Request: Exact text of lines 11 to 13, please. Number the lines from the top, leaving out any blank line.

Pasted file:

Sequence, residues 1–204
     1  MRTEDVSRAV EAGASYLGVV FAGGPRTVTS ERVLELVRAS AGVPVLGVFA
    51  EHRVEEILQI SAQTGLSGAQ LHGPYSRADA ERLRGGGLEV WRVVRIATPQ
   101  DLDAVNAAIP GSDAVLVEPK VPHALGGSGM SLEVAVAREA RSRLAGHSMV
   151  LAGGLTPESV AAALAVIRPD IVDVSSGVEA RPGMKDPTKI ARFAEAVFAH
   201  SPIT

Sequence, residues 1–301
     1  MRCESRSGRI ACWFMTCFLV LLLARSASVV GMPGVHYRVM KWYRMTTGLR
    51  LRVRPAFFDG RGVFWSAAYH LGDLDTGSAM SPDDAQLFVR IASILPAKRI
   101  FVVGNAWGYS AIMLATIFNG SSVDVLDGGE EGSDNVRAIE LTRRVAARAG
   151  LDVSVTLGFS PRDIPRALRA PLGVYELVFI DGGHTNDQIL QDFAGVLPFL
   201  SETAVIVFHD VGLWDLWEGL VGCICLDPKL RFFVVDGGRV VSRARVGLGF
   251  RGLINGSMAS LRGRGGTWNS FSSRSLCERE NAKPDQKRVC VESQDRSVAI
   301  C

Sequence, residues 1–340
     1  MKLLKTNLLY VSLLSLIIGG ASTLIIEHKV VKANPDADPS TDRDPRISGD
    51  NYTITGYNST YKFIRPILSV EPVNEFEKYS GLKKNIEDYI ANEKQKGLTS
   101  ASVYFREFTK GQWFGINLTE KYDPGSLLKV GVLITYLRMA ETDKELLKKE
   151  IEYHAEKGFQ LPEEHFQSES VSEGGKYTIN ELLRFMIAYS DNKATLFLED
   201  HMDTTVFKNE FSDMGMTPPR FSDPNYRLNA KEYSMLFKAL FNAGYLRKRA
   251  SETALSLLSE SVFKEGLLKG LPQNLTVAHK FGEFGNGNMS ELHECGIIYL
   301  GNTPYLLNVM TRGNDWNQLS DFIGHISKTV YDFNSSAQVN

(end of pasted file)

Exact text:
   151  LDVSVTLGFS PRDIPRALRA PLGVYELVFI DGGHTNDQIL QDFAGVLPFL
   201  SETAVIVFHD VGLWDLWEGL VGCICLDPKL RFFVVDGGRV VSRARVGLGF
   251  RGLINGSMAS LRGRGGTWNS FSSRSLCERE NAKPDQKRVC VESQDRSVAI